Your Oct. 8 Pre-Trip: Trucking industry braces for downturn

Oct. 8, 2015
According to The Wall Street Journal, “the trucking industry is bracing for a downturn, and that’s a poor signal for the U.S. economy.”

Here are five things worth knowing today:

1. According to The Wall Street Journal, “the trucking industry is bracing for a downturn, and that’s a poor signal for the U.S. economy.” The Journal’s Logistics Report states the poor outlook suggests the market is adjusting to inventory that piled up as a result of the West Coast ports’ dispute and companies over-ordering to ensure they had enough goods on hand. That means, trucking companies will have a more difficult time raising rates and many companies will end up waiting until inventories fall before ordering again, WSJ said.  

2. A 15-mile stretch of I-95 remains closed due to ongoing flooding in South Carolina, and it is causing problems for long-distance drivers. According to The Elkhart Truth, an estimated 30,000 cars and trucks travel on I-95 between Interstates 20 and 26. According to the report, more than 10,000 trucks use I-95 to haul goods to businesses and consumers. Trucks, like other drivers, are being re-routed and are finding unexpected barricades on hundreds of secondary roads. According to the report, it is still too early to estimate the commercial losses from the storm.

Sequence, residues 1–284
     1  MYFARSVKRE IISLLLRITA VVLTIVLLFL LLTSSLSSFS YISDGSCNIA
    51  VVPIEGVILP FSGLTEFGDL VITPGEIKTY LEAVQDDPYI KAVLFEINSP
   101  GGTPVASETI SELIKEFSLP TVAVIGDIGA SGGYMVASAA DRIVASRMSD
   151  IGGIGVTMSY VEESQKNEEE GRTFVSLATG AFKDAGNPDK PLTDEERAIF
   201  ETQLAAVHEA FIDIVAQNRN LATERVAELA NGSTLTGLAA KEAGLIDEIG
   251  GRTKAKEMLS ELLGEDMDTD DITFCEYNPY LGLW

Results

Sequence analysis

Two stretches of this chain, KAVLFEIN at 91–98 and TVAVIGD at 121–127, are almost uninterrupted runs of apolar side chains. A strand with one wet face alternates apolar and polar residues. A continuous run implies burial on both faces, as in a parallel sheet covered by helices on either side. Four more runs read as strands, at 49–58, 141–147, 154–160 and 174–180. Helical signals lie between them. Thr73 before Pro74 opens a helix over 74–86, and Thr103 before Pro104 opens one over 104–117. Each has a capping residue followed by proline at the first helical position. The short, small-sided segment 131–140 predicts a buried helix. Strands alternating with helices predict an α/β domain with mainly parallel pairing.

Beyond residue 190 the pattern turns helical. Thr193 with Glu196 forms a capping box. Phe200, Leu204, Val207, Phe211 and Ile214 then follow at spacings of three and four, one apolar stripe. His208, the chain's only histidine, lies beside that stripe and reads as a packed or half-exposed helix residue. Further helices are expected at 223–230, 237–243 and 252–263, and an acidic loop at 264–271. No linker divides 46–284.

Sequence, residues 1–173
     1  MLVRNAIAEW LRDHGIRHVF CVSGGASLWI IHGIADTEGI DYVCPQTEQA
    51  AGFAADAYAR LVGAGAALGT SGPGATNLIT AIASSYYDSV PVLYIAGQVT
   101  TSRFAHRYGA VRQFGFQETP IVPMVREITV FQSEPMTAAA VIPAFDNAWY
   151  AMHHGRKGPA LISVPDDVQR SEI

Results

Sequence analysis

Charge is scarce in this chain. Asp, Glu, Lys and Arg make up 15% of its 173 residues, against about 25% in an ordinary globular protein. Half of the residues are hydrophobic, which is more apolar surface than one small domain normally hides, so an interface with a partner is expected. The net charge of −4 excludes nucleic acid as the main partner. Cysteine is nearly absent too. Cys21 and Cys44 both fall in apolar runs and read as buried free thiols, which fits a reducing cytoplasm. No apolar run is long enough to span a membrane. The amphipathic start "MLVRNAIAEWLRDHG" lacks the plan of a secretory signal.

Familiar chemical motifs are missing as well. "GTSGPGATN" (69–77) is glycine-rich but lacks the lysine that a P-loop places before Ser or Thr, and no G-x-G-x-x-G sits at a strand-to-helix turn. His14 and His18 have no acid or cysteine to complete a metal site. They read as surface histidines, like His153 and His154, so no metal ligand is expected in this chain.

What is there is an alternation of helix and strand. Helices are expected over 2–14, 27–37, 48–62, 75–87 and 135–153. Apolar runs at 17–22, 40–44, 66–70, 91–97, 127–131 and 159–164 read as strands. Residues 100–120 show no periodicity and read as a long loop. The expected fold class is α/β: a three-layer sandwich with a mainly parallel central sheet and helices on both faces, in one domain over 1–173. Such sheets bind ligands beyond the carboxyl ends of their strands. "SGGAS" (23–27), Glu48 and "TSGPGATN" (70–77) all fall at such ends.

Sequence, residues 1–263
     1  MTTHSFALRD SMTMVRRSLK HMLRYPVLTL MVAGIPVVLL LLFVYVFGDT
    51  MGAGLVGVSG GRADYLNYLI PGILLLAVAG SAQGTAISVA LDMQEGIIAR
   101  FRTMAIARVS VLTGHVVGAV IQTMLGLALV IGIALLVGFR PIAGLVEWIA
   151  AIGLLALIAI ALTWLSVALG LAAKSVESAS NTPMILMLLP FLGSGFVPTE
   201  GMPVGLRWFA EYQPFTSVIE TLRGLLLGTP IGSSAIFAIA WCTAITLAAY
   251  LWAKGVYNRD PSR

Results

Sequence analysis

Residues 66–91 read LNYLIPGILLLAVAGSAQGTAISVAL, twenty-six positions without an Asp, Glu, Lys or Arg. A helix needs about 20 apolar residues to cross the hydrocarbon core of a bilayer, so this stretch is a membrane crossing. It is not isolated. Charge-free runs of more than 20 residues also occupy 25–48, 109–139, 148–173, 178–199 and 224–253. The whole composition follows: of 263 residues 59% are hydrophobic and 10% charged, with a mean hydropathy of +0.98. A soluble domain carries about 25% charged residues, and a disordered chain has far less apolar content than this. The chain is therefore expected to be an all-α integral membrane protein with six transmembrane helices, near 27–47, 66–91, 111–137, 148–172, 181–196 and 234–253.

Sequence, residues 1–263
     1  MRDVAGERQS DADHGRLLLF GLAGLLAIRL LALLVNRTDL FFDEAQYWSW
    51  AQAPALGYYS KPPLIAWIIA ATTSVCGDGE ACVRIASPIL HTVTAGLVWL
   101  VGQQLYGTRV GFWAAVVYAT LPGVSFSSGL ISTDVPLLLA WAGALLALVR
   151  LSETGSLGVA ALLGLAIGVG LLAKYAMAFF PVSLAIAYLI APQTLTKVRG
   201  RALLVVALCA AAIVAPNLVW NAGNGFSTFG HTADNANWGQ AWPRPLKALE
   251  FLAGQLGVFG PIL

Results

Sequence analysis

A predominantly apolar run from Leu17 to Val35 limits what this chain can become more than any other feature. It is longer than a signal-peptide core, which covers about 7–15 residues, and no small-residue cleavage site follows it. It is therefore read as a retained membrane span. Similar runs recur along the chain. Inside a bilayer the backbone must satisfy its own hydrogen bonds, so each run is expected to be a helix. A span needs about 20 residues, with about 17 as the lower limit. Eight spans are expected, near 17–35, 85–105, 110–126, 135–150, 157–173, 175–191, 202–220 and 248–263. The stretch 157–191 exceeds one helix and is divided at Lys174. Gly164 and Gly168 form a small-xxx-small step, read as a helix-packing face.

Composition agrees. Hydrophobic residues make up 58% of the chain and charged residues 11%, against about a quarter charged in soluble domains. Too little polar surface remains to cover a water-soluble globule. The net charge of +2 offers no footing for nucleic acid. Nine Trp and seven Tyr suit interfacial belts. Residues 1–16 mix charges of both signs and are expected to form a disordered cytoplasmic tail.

3. In the wake of the flooding and dam failures in the Carolinas, a CBS News report poses the question: “Is America’s infrastructure designed to withstand what many scientists predict will be a greater frequency of increasingly powerful storms?” According to the report, one climate change expert doesn’t think so. Joel Smith, a principal with Abt Associates, a firm that addresses social and environmental issues, told CBS, “First of all, our current infrastructure is way under invested. It has deteriorated across the board. Dams, roadways, you name it, are not up to standards already.” CBS has more.

4. A truck driver from Fairbanks, AK, has been selected to transport the U.S. Capitol Christmas tree from Alaska to Washington, D.C. According to News Miner, The Voice of Interior Alaska, John Schank, a driver for Lynden Transport, will begin the 4,000-mile cross-country haul after the tree is cut from Chugach National Forest on Oct. 27. According to the report, Schank was recognized by the Alaska Trucking Association as the 2014 Driver of the Year after 37 years of accident-free driving.

5. Virginia’s Department of Transportation announced that the state has received a $55.5 million in “bonus” federal funds to improve roads and bridges statewide. According to VDOT, the funds, which were originally allocated to other states, were reallocated to Virginia because other states didn’t have projects ready to go to use the funding. VDOT said it will use the extra money to re-pave 400 lane miles of roadways across the state and improve 17 interstate bridges.

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